As I understand it, a JSON Web Token (JWT) consists of 3 parts:
- the header, specifying the hashing algorithm to use for the signature;
- the payload itself; and
- the signature, which is a hash of the header and the payload using the specified hashing algorithm and a given secret.
The point of the signature is for the receiver to verify the integrity of the received JWT, that it has not been tampered with. This is done, presumably, by the receiver of the JWT reproducing the steps made by the JWT producer to create the signature, by hashing the header and the payload with the specified hashing algorithm and a given secret.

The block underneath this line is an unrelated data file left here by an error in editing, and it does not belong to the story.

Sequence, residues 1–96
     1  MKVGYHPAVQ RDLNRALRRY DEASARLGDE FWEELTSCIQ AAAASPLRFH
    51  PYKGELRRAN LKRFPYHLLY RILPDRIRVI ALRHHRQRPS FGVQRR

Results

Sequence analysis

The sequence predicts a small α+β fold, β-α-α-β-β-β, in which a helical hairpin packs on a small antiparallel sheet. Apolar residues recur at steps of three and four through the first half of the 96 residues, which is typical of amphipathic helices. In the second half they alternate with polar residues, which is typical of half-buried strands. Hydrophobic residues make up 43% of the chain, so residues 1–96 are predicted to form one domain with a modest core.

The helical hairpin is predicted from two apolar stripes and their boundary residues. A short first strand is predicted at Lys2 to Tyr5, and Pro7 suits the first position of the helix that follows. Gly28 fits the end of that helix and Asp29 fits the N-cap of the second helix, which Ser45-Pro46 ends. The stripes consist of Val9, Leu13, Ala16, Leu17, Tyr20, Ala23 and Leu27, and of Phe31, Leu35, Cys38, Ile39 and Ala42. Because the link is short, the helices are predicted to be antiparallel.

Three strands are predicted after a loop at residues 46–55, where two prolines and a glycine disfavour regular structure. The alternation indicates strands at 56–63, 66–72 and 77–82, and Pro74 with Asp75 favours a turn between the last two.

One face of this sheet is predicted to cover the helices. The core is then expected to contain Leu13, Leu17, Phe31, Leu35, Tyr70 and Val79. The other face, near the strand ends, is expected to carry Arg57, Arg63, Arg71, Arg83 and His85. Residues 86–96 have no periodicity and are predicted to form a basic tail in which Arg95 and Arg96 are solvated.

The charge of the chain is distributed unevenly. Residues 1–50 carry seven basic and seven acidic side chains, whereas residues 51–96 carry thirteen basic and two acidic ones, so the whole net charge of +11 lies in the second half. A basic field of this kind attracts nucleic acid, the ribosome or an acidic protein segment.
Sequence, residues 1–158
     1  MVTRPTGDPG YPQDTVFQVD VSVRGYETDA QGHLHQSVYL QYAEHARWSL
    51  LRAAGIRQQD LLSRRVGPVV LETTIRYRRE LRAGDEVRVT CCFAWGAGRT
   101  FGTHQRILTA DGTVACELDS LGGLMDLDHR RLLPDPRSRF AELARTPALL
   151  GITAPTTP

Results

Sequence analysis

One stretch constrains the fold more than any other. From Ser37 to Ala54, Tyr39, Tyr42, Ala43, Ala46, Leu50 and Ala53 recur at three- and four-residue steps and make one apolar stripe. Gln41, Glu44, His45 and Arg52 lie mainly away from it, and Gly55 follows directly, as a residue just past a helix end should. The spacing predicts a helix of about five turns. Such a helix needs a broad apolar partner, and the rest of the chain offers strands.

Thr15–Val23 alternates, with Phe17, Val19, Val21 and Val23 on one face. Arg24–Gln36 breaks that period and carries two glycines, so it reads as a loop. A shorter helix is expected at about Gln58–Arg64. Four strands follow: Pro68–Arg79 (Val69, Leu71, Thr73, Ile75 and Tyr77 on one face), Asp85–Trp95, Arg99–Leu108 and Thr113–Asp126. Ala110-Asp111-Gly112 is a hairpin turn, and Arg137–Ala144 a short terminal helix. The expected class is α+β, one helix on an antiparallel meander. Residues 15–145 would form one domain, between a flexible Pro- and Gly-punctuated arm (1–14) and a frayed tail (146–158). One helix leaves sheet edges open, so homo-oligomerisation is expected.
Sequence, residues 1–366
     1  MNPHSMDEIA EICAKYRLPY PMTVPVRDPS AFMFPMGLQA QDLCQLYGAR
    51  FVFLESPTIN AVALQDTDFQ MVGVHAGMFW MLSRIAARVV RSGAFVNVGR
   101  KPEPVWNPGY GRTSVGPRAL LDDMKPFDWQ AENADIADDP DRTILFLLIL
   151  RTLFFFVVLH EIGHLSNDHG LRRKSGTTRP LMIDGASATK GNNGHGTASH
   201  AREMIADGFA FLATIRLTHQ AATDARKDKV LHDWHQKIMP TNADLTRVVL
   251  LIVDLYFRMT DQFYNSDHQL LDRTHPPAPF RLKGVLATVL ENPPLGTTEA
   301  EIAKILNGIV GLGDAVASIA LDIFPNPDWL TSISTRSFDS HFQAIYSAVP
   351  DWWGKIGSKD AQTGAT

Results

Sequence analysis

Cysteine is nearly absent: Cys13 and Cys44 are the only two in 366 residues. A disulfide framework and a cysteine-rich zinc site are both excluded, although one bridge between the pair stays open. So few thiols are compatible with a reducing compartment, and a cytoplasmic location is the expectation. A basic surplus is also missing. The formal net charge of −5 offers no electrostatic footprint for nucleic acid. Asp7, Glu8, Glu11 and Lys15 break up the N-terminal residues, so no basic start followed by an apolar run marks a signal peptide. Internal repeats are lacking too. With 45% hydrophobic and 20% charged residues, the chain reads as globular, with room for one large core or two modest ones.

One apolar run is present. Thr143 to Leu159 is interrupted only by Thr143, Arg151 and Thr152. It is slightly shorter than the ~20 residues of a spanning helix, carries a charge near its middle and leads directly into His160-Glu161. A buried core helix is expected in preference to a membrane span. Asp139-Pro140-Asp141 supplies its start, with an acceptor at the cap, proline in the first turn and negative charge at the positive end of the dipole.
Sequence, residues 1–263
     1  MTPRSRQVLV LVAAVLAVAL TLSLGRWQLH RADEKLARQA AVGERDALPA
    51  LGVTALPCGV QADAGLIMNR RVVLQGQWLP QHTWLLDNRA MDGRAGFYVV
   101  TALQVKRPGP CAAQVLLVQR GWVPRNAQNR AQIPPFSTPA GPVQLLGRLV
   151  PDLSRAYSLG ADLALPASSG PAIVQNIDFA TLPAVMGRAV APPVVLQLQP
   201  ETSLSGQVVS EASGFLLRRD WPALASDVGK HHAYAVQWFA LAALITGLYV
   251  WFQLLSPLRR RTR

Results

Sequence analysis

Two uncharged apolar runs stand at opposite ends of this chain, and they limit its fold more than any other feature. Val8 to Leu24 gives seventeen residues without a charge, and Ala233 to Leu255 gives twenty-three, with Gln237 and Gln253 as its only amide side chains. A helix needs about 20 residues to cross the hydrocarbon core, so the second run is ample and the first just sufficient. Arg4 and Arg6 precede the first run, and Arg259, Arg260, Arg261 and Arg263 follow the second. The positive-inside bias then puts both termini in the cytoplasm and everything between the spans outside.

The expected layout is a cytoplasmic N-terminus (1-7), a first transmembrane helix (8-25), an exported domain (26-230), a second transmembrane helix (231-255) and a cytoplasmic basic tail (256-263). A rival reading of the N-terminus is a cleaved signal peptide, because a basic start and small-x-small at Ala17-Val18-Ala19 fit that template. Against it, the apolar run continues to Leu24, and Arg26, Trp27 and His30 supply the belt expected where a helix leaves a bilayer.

When the secret used by the JWT sender and receiver is one and the same (shared secret, symmetric key), I understand how this works. All the inputs are identical, so the hash will be identical, whether calculated by the sender or receiver.
My actual question, and what I don't understand, is how this works when the secrets used by the sender and receiver are different (asymmetric keys, public/private key pair). I.e. if the hash produced by the sender was generated using the secret key, and the hash produced by the receiver (for signature verification purposes) was produced by the corresponding public key.
How can two different secrets yield the same hash?